Airstrikes have once again disrupted production of Libya’s El Feel oilfield on Wednesday, after the eastern-based Libyan National Army, led by Khalifa Haftar, retaliated after forces loyal to the UN-backed Libyan government in Tripoli allegedly took control of a 70,000-bpd oilfield in the southwest from forces aligned with the eastern strongman General Khalifa Haftar, in renewed violence around key Libyan oil facilities.
According to a statement from the military council of the city of Sabha, carried by Reuters, the forces loyal to the government in Tripoli now control the El Feel oilfield, not far from Libya’s largest oilfield, Sharara, which has the capacity to pump more than 300,000 bpd.
At present, Haftar’s forces control most of Libya’s oilfields and have controlled El Feel and Sharara since February this year.
An engineer at the field confirmed to Reuters that there have been clashes between forces loyal to the rival Libyan factions. The National Oil Corporation (NOC) called for the clashes to end.
“We ask combatants to halt operations around the field,” NOC’s chairman Mustafa Sanalla said in a statement, as carried by Reuters.
“Any escalation in violence may lead to staff being evacuated and production being shut down,” Sanalla said on Wednesday morning, prior to the airstrikes. The production will now remain shuttered until all military activity around the field ceases. Related: A New Pipeline Could Undo America’s Influence In Asia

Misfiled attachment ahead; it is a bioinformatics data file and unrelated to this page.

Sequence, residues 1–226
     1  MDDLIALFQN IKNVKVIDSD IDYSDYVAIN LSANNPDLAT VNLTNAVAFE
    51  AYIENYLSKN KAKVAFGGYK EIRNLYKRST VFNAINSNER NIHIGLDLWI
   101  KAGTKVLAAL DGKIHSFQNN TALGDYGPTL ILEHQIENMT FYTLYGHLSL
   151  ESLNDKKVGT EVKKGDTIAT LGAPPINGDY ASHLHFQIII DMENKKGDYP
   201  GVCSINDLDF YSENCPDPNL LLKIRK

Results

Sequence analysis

The security situation in Libya has worsened since the spring after Haftar ordered in early April his Libyan National Army (LNA) to march on the capital Tripoli. The self-styled army has been clashing with troops of the UN-backed government in a renewed confrontation that has escalated and disrupted, once again, Libya’s oil production and exports.
Two outages at the biggest oil field Sharara in one month forced Libya’s oil production down to below 1 million bpd in the first week of August—the lowest level in five months.
Libya’s production stabilized and even increased in September and October—to 1.16 million bpd and 1.167 million bpd, respectively, according to OPEC’s figures. Libya is exempted from the OPEC+ production cuts due to its fragile security situation. The renewed clashes are the latest sign of Libya’s wild card status in terms of production consistency and come a week before OPEC’s crucial meeting in Vienna.
By Tsvetana Paraskova for Oilprice.com
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